College students are not exempt from income tax. They are subject to tax just like everyone else. Since the income is reported on a 1099NEC it is considered to be self-employment income, for which he will owe self employment tax for Social Security and Medicare, although it is not enough to pay ordinary income tax on.
MY DEPENDENT HAD A JOB
If your dependent has a W-2 for his after-school job, summer job, etc. you do not include the information on your own return. You can still claim your child as a dependent on your own return. He/she can file his own return for a refund of some of his withheld wages (he won’t get back anything for Social Security or Medicare), but MUST indicate on it that he can be claimed as a dependent on someone else’s return. (Supervise this closely or prepare it for him!)
If your dependent’s earnings were over $400 and were reported on a 1099Misc or 1099NEC then he must file a return and pay self-employment tax for Social Security and Medicare.
You might also want to use free software from the IRS Free File versions:
as noted there is no "income" tax to be paid, but there is "Self Employment" tax that would need to be paid.
This tax represents the Medicare and Social Security withholdings that would have occured if the individual was a W-2 employee. Regardless of whether someone is paid via a W-2 or a 1099-NEC, the IRS expects to receive monies for Medicare and Social Security. The method is just different.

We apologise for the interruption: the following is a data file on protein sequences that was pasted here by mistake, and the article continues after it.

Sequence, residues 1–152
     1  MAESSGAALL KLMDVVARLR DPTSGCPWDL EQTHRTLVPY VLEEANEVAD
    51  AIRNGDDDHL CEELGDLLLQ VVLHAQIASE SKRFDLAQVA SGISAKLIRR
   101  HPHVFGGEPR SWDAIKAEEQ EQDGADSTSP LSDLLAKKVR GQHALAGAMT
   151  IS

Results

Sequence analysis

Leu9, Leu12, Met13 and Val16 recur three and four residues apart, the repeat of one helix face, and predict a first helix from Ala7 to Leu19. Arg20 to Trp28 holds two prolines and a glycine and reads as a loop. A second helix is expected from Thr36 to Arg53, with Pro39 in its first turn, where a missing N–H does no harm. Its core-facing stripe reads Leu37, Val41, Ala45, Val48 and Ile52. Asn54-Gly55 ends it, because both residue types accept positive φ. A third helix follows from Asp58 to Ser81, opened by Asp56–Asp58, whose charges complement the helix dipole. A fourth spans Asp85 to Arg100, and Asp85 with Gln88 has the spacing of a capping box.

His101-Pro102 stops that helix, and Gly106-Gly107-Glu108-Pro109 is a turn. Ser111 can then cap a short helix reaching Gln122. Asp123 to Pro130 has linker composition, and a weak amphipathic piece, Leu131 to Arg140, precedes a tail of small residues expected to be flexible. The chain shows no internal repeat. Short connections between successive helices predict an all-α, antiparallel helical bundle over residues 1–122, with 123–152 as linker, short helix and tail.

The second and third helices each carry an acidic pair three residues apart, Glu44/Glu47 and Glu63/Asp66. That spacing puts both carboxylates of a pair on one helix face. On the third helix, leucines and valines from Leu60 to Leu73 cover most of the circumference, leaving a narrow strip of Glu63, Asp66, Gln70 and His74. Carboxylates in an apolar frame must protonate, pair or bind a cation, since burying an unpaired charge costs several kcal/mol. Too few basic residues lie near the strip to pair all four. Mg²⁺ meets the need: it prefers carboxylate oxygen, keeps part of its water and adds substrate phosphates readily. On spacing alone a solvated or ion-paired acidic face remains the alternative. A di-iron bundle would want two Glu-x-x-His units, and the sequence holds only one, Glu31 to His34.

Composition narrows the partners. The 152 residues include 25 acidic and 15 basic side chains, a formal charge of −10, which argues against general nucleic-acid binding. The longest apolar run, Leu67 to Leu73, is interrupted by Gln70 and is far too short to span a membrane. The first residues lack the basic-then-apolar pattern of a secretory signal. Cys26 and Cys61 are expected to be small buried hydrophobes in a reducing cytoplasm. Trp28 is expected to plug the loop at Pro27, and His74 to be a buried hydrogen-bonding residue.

The SE tax is 15.3% so when this student completes their tax return, expect to owe $448 (unless there are any expenses that can reduce the $2925).
This is a bit more complicated than previously stated. If the internship is provided by the school, for credit, then it is exempt from Social Security and Medicare, tax (or self-employment tax), even though it is reported on form 1099-NEC. This income would be entered as scholarship income in the education interview rather than as self-employment on the schedule C interview.
If the internship is provided by an outside company, but is for credit, and is a requirement of obtaining a degree, then I believe it is also exempt from self-employment tax.
If the internship is provided by an outside company for general education purposes, and is not a requirement for obtaining degree, then it is in fact, self-employment income.
Here are the IRS rules regarding the student exception to the FICA tax (Medicare and Social Security):
Note that these exceptions apply only to the FICA tax.
I believe student income is also exempt from Medicare tax. Firstly, student income is not considered “earned“ income, it is education or training, even though the student may perform functions that look exactly like a regular job. also, there is no way on a tax return to pay Medicare tax, but not Social Security on student internship income.
@Hal_Al is the ultimate expert on student income situations.
I agree with @TomD8 , a student is only exempt from FICA, if they are a W-2 employee of the college. The schools know this and will usually not withhold social security and Medicare tax.
On the other hand, I also agree with @Opus 17, if the internship is provided by the school, for credit, the 1099-NEC is not the correct way to report it. The student could report it as scholarship income, rather than self employment, and avoid SE tax.
The original poster doesn't say who provided the internship. If a third party, Schedule C is probably correct. A case could be made for the one time gig exception; SE tax could be avoided, but then the "other income" wouldn't be "earned income" for purposes of calculating the student-dependent's standard deduction. Of course, the 1099-NEC is going to be a "red flag" with the IRS.
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